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Transformation, stratification and higher education: exploring the absorption into employment of public financial aid beneficiaries across the South African higher education system

  • Angelique WildschutEmail author
  • Michael Rogan
  • Bongiwe Mncwango
Article

Abstract

Improving access to higher education is an important strategy for achieving equity in the labour market. Against the backdrop of the ‘massification’ of higher education in a number of countries, most notably in the UK during the 1990s, a growing literature on graduate un/employment has aimed to investigate whether the graduate labour market has absorbed the increasing number of university completers. In post-apartheid South Africa, this question assumes an added significance corresponding with the need to redress sharp inequalities in access to higher education inherited from the colonial and apartheid eras. Measuring graduate employment outcomes, however, is notoriously difficult. Graduate employment studies are often ad hoc and focus on graduates from only a handful of universities or degree programmes. Exploring a novel dataset, this paper presents the first analysis of the labour market absorption rates of publicly funded (through the National Student Financial Aid Scheme (NSFAS)) graduates from low-income households across all South African universities between 2005 and 2015. While our findings illustrate the expected differences in the probability of employment by race and gender, we also identify a strong and significant association between the type of university from which NSFAS students graduate and the probability of employment and show that this association holds irrespective of race, gender and the field of study in which a degree is obtained. We conclude with a reflection on what a hierarchical higher education system means for the role of higher education in transformation and creating an equitable society.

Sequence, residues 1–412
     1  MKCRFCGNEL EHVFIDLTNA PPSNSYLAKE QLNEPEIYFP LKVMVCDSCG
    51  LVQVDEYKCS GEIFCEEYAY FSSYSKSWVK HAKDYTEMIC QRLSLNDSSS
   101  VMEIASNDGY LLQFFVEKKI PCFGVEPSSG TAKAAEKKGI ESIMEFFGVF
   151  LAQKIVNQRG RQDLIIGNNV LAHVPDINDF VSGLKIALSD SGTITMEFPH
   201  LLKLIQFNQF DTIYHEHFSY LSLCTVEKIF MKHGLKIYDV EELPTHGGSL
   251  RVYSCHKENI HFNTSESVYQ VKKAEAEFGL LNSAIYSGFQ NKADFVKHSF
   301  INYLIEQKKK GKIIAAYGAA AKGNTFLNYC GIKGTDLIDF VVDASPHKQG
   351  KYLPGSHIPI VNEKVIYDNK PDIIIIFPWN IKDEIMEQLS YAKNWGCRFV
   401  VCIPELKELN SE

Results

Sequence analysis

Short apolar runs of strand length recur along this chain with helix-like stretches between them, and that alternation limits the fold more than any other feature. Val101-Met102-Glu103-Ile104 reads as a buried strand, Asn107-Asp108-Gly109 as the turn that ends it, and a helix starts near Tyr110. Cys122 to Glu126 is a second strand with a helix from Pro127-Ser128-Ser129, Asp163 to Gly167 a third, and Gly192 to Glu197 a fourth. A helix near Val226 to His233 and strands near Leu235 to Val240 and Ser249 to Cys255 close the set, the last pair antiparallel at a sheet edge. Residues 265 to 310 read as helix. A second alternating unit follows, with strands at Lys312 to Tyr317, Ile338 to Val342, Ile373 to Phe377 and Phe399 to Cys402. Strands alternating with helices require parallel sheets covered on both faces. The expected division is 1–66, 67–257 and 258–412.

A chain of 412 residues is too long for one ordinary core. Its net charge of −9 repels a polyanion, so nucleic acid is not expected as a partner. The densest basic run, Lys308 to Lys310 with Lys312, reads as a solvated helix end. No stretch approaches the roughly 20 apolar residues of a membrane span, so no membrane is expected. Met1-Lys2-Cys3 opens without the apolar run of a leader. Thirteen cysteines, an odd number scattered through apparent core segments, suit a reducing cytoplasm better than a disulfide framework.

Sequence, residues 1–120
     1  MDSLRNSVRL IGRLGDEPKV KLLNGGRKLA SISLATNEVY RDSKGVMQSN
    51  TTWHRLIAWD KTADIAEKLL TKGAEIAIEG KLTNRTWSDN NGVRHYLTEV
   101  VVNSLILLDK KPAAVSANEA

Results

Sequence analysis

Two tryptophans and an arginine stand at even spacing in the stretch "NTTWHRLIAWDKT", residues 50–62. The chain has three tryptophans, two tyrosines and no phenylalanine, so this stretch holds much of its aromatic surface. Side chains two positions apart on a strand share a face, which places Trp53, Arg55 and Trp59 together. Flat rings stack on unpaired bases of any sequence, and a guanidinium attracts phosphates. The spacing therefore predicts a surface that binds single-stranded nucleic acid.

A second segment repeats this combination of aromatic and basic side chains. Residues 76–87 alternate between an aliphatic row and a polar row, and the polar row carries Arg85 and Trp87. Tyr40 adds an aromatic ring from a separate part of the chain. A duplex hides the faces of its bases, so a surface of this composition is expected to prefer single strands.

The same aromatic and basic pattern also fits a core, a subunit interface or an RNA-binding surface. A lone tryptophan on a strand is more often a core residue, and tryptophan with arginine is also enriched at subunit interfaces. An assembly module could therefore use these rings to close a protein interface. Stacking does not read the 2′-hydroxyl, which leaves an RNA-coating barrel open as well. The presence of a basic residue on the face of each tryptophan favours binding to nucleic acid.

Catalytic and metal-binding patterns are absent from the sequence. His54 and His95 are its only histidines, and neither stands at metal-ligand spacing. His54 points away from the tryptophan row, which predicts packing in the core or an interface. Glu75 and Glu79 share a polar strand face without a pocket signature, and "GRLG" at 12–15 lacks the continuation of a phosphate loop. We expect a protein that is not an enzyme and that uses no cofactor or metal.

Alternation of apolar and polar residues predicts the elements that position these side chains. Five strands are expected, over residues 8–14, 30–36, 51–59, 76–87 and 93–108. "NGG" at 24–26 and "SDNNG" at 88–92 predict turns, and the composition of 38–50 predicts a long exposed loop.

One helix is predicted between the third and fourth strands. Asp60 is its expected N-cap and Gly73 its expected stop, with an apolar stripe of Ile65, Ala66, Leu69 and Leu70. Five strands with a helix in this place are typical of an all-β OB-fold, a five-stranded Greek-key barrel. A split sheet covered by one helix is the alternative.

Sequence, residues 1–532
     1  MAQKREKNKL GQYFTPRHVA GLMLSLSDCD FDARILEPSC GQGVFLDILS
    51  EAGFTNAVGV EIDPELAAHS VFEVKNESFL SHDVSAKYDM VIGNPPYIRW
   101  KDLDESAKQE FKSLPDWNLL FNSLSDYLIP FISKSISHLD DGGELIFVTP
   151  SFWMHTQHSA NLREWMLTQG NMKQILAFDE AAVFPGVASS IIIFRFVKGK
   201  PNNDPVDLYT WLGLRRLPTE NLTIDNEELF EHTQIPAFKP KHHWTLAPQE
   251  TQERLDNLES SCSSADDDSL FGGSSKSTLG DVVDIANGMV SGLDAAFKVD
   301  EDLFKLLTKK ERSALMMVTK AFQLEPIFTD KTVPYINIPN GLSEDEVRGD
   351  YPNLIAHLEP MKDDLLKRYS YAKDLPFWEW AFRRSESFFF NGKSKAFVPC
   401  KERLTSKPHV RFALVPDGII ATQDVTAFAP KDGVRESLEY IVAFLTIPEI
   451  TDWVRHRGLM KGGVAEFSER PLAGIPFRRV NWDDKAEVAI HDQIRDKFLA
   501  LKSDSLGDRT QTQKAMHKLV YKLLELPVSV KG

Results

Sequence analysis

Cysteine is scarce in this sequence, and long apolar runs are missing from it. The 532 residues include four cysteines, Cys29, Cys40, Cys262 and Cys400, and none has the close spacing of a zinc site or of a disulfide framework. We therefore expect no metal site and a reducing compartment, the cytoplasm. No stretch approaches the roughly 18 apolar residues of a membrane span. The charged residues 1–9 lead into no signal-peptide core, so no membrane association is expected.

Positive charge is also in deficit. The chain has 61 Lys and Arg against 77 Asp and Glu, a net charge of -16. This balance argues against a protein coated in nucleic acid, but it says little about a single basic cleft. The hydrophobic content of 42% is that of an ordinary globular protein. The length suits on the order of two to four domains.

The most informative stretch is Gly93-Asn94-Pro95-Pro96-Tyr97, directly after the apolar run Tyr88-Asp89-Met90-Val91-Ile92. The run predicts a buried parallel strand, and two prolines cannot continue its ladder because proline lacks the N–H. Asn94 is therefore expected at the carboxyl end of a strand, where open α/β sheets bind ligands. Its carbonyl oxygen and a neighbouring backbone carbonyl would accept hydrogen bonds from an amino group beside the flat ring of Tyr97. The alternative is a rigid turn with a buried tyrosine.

Keywords

Transformation Student financial aid Labour market Higher education Graduate employment 

Notes

Funding information

This research was commissioned and funded by the National Student Financial Aid Scheme (NSFAS) of South Africa.

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Copyright information

© Springer Nature B.V. 2019

Authors and Affiliations

  • Angelique Wildschut
    • 1
    • 2
    Email author
  • Michael Rogan
    • 3
    • 4
    • 5
  • Bongiwe Mncwango
    • 6
  1. 1.Research and Policy, National Student Financial Aid Scheme (NSFAS)Cape TownSouth Africa
  2. 2.Research Associate, Sociology DepartmentUniversity of PretoriaPretoriaSouth Africa
  3. 3.Associate Professor, Neil Aggett Labour Studies Unit (NALSO)Rhodes UniversityGrahamstownSouth Africa
  4. 4.Honorary Research Fellow, Human Sciences Research Council (HSRC)PretoriaSouth Africa
  5. 5.Research Associate, Women in Informal Employment: Globalizing and Organizing (WIEGO)ManchesterUK
  6. 6.Research Manager, Human Sciences Research Council (HSRC)PretoriaSouth Africa

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